||Final will of R. Alexander Zusskind b. Moses of Grodno (d. 1793), Lithuanian kabbalist. R. Alexander lived a secluded life in Grodno, never engaging in light conversation so as not to be deterred from study and prayer. Many stories were told about him. According to a well-substantiated one, several days before Passover in 1790, a Jewish victim of a blood libel was sentenced to death unless he agreed to convert. R. Alexander, afraid the condemned man would be unable to withstand the ordeal, obtained permission to visit him in prison, and persuaded him to choose martyrdom. The execution was scheduled for the second day of Shavuot; on that day Alexander left the synagogue in the middle of the service for the place of execution, heard the condemned man recite the prayer of martyrdom, said "Amen," and returned to the synagogue, reciting the memorial prayer for the martyr's soul. The second incident relates that R. Alexander was imprisoned in a German town for soliciting money for the Jews of Erez Israel, as it was illegal to send money out of Germany. On being freed, he immediately resumed collecting, ignoring the danger involved.
R. Alexander's most important work, Yesod ve-Shoresh ha-Avodah (Novy Dvor, 1782; corrected edition, Jerusalem, 1959) a book of ethics, touches upon many aspects of Jewish life. It is divided into 12 sections, the final section Sha'ar ha-kolel, concluding with an account of the coming of the Messiah. According to the author, the basis of divine worship is love of G-d and love of the Jewish people. R. Alexander emphasizes that a Jew must be grieved at the contempt in which the G-d of Israel and the people of Israel are held among the Gentiles, who persecute the chosen people and then ask mockingly, "Where is your G-d?" He speaks often and with great sorrow of the desolation of the holy city of Jerusalem and of Erez Israel and extols "the greatness of the virtue of living in the Land of Israel." In R. Alexander's view, the essence of observance is intent (kavvanah); the deed alone, without intention, is meaningless. For this reason, he insisted on clear and meticulous enunciation of each word in prayer, giving many examples of how words are distorted in the course of praying. He also laid down a specific order of study: Talmud, musar, literature, and then Kabbalah. He emphasizes the need for study of the geography of the Bible.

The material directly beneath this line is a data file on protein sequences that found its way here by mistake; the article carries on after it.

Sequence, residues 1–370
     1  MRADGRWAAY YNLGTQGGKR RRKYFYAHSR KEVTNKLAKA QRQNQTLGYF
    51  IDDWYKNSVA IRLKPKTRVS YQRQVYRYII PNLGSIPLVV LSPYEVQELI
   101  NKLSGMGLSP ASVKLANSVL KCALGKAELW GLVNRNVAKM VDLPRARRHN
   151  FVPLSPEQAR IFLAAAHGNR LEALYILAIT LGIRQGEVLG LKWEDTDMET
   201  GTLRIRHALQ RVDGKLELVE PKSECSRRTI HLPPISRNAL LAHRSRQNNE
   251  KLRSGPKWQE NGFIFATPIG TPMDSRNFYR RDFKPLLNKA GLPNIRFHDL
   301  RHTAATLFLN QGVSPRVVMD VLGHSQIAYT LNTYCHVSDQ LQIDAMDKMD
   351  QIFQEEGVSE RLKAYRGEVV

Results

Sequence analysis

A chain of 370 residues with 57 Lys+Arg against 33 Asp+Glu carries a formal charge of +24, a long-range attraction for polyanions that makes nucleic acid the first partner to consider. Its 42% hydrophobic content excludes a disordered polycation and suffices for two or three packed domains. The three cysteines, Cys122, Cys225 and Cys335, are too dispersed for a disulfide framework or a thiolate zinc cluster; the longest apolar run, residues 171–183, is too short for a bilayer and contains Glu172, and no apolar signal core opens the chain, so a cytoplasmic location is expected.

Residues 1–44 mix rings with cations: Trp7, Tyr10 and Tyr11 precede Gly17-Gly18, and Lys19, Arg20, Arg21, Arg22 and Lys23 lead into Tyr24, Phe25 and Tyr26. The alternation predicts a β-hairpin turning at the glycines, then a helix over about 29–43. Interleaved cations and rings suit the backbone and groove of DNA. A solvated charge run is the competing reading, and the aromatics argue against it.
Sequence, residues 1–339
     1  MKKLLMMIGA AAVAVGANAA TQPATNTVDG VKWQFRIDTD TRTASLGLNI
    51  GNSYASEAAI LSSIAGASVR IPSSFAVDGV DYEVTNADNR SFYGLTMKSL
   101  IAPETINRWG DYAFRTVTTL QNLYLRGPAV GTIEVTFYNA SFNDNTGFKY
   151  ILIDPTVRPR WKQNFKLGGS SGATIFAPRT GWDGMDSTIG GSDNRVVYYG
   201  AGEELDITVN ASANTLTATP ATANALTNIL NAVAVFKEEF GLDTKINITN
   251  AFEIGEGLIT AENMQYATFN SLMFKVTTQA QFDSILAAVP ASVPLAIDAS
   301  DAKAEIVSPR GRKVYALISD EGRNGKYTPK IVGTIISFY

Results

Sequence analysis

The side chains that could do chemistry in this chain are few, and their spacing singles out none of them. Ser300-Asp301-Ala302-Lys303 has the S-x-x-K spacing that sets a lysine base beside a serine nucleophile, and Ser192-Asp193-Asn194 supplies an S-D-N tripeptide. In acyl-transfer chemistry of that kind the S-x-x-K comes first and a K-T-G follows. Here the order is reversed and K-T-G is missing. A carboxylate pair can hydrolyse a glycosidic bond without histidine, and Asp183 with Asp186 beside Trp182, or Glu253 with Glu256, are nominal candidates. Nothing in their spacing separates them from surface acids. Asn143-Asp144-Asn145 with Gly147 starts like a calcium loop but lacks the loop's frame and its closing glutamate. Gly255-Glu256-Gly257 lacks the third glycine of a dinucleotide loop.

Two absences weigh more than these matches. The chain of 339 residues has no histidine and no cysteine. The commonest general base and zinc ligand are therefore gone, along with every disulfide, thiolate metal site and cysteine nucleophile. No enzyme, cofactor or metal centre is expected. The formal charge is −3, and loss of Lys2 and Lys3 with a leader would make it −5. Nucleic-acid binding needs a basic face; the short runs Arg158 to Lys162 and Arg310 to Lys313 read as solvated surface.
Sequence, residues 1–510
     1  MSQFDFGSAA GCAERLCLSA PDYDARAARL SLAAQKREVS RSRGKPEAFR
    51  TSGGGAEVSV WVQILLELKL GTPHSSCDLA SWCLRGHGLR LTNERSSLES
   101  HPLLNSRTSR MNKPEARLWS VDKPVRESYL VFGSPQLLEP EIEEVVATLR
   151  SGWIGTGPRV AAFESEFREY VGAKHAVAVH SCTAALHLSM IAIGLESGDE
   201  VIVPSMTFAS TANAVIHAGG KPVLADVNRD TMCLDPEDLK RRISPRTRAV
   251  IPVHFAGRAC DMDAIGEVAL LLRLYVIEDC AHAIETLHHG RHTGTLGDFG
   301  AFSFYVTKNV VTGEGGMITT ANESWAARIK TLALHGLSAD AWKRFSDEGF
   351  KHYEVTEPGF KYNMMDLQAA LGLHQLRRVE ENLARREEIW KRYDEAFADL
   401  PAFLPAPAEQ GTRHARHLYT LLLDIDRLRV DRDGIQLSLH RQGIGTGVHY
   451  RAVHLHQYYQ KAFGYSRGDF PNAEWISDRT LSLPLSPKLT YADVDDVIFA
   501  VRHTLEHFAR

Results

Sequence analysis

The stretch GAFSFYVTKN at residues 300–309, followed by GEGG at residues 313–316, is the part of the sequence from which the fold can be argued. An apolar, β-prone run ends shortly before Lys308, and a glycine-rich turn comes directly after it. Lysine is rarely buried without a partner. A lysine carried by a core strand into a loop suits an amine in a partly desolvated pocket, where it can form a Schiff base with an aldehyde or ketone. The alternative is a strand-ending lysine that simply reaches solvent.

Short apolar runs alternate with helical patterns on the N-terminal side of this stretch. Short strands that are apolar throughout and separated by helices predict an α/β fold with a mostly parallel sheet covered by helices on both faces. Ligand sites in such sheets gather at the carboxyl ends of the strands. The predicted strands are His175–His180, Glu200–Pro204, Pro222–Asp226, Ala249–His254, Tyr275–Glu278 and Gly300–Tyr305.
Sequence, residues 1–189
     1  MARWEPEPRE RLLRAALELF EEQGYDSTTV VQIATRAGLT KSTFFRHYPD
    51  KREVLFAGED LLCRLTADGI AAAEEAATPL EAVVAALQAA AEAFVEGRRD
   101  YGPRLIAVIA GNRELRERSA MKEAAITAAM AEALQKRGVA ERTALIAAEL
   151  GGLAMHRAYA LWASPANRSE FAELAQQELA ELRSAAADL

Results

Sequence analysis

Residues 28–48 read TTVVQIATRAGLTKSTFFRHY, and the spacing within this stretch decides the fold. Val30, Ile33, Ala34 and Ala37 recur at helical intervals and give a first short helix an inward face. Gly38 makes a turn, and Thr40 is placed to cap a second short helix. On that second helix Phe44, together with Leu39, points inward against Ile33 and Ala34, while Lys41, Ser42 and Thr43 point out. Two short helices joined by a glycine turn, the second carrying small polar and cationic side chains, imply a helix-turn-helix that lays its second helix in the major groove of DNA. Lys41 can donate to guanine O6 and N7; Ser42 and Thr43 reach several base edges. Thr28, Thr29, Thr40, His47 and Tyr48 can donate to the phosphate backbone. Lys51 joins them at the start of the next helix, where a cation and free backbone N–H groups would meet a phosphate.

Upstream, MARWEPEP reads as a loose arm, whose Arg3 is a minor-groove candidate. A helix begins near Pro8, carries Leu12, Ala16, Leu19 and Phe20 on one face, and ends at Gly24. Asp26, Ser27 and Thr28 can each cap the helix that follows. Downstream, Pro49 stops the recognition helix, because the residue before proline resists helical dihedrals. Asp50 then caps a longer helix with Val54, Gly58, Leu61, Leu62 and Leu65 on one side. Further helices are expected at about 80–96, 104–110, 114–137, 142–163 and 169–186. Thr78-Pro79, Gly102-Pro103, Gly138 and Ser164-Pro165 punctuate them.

R. Alexander was rigid in the matter of religious observance, threatening violators with severe retribution in the hereafter. He asked every Jew to resign himself to "the four forms of capital punishment of the bet din" and in his will he ordered that upon his death his body be subjected to stoning. Yet the central theme of his work is "worship the Lord in joy." His ideas make R. Alexander's writings closely akin to the basic tenets of Hasidism and R. Nahman of Bratslav said of him, "he was a Hasid even before there was Hasidism." In annotated prayer books, especially in those of the Sephardi rite, his Kavvanot ha-Pashtiyyut, the "intent" of the text of the prayers as set forth in the Yesod ve-Shoresh ha-Avodah, is appended to most of the prayers. He was deeply revered and as long as there was a Jewish community in Grodno, men and women went to pray at his grave. Descendants of his family who originally went by the name of Braz (initials for Benei Rabbi Alexander Zusskind) later assumed the name Braudes.
This edition was printed without the printing date. S. Halevi records it as being printed in 5724, Friedberg lists the date as 5725, yet Vinograd suggests 5721.